"He need not be perfect for all of us to mourn and demand change but by manipulating the life story we lose the ability to educate many who don’t see the problem as they focus on the spin versus the real story - his murder."

The second-highest-rated comment at "George Floyd, From ‘I Want to Touch the World’ to ‘I Can’t Breathe’/Mr. Floyd had big plans for life nearly 30 years ago. His death in police custody is powering a movement against police brutality and racial injustice" (NYT).

Also highly rated: "I am confused. I believe the autopsy report said he was high on fentanyl and methamphetamine. This seems relevant to the full picture yet is not mentioned in the meticulously researched article."

I've read the NYT for more than 50 years, and I don't believe I have another option for reading a real newspaper here in America. I've always been looking out for the propaganda. In fact, I was taught to that by my high school history teacher, whose class included required daily reading of the NYT. After the ousting of James Bennet a few days ago, you would think the NYT would feel extra pressure to show that it will pursue high journalistic principles and not skew things to please the people who are demanding propaganda. I can't say I'm surprised to see this sanitized portrait of George Floyd, but I want to go on record saying that this is bad.

And it's bad not only as bad journalism, but it's bad on the subject of police brutality. It doesn't matter that the man who died had big dreams of the future or professional-level athletic ability. The police shouldn't be executing anybody.

Let's analyze the comedy stylings of Woody Harrelson.

This made me look up Woody Harrelson to see what exactly are his politics. I found "Woody Harrelson: I'm an anarchist" (Politico, 2013):
So you dislike Democrats as much as you dislike the GOP?

It's all synchronized swimming to me. They all kneel and kiss the ring. Who's going to take on the oil industry or the medical industry? People compare Obama to Lyndon Johnson, but I think a better comparison is between Obama and Nixon. Because Nixon came into office saying he was going to pull out of Vietnam, and then he escalated the war. A lot of us were led to believe that Obama was the peace president, but there are still, I think, 70,000 troops in Afghanistan....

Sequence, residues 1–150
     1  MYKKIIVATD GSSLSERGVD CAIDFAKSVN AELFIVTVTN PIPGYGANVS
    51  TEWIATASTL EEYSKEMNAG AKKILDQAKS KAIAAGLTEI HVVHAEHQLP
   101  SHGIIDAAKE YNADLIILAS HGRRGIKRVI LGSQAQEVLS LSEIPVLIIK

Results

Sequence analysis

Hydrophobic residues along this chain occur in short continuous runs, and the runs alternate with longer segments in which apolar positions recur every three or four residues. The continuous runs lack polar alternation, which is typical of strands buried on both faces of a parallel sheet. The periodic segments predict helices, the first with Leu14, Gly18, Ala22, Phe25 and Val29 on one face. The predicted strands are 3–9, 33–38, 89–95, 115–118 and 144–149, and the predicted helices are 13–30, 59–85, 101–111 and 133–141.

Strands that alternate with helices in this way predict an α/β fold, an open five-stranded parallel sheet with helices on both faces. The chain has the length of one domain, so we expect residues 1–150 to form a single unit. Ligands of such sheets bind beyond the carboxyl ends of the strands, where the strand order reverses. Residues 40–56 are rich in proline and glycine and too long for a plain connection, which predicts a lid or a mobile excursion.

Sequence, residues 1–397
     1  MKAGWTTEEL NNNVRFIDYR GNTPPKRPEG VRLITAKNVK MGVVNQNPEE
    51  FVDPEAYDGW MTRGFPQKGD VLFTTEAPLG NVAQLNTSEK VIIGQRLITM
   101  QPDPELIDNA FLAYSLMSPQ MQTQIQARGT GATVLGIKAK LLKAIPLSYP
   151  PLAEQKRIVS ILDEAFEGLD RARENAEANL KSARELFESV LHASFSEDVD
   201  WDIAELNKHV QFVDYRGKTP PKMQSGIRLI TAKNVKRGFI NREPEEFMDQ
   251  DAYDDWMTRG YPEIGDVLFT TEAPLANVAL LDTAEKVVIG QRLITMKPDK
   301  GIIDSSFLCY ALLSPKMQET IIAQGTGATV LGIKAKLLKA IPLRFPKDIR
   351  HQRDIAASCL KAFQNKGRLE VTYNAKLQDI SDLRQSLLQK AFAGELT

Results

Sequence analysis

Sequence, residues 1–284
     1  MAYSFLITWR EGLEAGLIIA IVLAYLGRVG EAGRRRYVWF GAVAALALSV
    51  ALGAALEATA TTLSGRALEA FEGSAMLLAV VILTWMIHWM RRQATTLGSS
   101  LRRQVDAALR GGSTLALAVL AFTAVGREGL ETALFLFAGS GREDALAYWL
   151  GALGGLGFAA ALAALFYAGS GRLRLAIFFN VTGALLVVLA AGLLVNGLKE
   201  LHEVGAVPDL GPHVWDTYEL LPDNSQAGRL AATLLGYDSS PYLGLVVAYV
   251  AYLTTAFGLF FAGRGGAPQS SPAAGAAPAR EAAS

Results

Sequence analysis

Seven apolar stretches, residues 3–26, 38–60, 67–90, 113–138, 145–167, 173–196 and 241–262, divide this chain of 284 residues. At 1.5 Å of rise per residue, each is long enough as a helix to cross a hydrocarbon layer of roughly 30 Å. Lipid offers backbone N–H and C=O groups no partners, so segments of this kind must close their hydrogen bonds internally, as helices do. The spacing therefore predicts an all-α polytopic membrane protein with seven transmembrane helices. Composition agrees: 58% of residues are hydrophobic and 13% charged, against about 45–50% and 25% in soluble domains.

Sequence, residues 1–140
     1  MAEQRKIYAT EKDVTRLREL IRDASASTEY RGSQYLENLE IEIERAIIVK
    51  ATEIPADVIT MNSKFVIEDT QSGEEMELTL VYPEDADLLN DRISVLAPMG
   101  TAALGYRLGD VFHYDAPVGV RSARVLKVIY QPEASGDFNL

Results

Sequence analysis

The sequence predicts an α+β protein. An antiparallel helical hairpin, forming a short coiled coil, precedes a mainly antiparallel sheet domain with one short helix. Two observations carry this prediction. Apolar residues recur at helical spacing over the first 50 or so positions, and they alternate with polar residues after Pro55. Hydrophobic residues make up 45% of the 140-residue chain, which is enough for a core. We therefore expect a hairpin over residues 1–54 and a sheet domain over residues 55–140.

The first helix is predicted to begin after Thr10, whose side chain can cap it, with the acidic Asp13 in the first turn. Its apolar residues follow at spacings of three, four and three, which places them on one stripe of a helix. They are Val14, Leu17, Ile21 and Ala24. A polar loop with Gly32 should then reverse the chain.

Do you want to get more involved in politics?

No. I don't believe in politics. I'm an anarchist, I guess you could say. I think people could be just fine looking after themselves.
So... presumably the real Woody would like to dismantle the police, and he adopts a redneck character to taunt the abolitionists. He has the character speak as though he would wildly kill people if left to his own judgment of how to behave in a police-free America. I'm going to guess that what Woody is trying to do is make fun of the people who want to scare us out of getting rid of the police. What do you think?

IMPORTANT UPDATE: Commenters question whether that's really Woody Harrelson, but couldn't get to a definite answer whether it is or not! I did a search and found "George Floyd protests: Is Woody Harrelson defending police brutality? Video of lookalike man baffles internet" (at meaww):
In the video, a man who resembles Harrelson, (perhaps it is Harrelson himself, we wouldn’t know) is supporting the police saying the public needs to deal with him before attacking the cops.... While the video has garnered a lot of attention...
... internet users are rather concerned if it’s actually Harrelson who has featured in it. While one wrote, “I'm scared to even look up what's going on with Woody Harrelson”. Another tweet read, “@WoodyHarrelson stop with your hillbilly mean guy videos. I'm skeert.” However, a few have established that it isn’t Harrelson but a random man who holds a striking resemblance to the actor....

Meanwhile, a few were convinced that the viral video was in fact a parody by Harrelson. “I ain’t gon’ lie, I thought this was Woody Harrelson doing a parody of a redneck,” wrote one follower.
I'm going to say that if it isn't Harrelson in the video, then Harrelson ought to have done something by now to disavow the video or try to get it taken down.